|The first excerpt represents the past or something you must release, and is drawn from Emma by Jane Austen:
wrapt up in her family; a devoted wife, a doating mother,
and so tenderly attached to her father and sister that, but for
these higher ties, a warmer love might have seemed impossible.
She could never see a fault in any of them. She was not a woman
of strong understanding or any quickness; and with this resemblance
of her father, she inherited also much of his constitution;
was delicate in her own health, over-careful of that of her children,
had many fears and many nerves, and was as fond of her own Mr. Wingfield
in town as her father could be of Mr. Perry. They were alike too,
in a general benevolence of temper, and a strong habit of regard
for every old acquaintance.
|The second excerpt represents the present or the deciding factor of the moment, and is drawn from The Scarlet Letter by Nathaniel Hawthorne:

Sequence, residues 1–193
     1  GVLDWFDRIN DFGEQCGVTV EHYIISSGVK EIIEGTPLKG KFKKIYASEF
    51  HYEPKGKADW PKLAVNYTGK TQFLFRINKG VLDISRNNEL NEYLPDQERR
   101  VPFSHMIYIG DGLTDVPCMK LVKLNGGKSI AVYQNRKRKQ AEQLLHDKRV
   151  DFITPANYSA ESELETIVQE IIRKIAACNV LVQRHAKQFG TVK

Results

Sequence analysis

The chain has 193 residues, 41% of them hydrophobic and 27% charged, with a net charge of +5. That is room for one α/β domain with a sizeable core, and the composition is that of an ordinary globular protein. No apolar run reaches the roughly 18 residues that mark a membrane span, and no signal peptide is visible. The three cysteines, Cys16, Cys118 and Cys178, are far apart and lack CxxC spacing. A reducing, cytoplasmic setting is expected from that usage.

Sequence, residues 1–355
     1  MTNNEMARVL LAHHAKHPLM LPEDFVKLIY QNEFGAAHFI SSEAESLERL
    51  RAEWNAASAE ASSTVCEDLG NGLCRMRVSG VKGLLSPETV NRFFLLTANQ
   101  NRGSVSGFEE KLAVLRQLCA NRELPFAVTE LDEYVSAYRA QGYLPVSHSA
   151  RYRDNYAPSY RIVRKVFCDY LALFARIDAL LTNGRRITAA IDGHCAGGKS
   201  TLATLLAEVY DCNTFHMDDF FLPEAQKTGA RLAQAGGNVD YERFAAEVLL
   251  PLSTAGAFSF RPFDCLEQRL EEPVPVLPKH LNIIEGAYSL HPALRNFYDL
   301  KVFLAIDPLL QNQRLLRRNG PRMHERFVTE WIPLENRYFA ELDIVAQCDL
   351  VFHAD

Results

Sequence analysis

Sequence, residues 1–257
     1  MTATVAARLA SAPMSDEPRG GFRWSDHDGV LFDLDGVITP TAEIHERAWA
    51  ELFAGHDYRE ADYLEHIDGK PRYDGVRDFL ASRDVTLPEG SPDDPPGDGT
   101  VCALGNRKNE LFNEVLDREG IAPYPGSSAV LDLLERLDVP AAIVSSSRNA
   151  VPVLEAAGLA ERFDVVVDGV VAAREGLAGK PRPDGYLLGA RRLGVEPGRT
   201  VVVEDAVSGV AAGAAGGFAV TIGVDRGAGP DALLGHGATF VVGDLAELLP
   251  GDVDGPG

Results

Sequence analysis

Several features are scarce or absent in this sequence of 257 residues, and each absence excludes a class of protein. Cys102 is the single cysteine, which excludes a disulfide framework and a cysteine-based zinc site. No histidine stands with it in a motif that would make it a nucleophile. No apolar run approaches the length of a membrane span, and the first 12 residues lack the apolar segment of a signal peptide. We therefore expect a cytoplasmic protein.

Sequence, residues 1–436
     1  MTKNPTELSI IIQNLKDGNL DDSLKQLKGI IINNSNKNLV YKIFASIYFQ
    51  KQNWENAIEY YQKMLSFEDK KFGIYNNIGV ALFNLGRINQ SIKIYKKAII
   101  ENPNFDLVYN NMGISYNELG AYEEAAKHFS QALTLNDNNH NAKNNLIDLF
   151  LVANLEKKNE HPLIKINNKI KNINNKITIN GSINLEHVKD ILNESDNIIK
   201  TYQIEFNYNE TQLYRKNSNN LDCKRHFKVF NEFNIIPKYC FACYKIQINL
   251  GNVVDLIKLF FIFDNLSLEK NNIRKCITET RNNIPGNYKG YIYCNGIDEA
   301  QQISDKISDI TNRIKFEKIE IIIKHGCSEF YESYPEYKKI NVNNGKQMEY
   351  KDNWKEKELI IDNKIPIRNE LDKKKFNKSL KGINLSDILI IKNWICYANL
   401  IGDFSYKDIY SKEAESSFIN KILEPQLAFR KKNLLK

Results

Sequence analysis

was all that could be heard, and scarcely heard sighing amid a
desolate silence. But even when the minister's voice grew high
and commanding -- when it gushed irrepressibly upward -- when it
assumed its utmost breadth and power, so overfilling the church
as to burst its way through the solid walls, and diffuse itself
in the open air -- still, if the auditor listened intently, and
for the purpose, he could detect the same cry of pain. What was
it? The complaint of a human heart, sorrow-laden, perchance
guilty, telling its secret, whether of guilt or sorrow, to the
great heart of mankind; beseeching its sympathy or forgiveness,
-- at every moment, -- in each accent, -- and never in vain! It
The Scarlet Letter
|The third excerpt represents the future or something you must embrace, and is drawn from Cromwell by William Shakespeare:
I pray, excuse me; this shall well suffice
To bear my charges to Bononia,
Whereas a noble Earl is much distressed:
An Englishman, Russell, the Earl of Bedford,
Is by the French King sold unto his death:
It may fall out, that I may do him good;
To save his life, I'll hazard my heart blood.
Therefore, kind sir, thanks for your liberal gift;
I must be gone to aide him; there's no shift.
I'll be no hinderer to so good an act.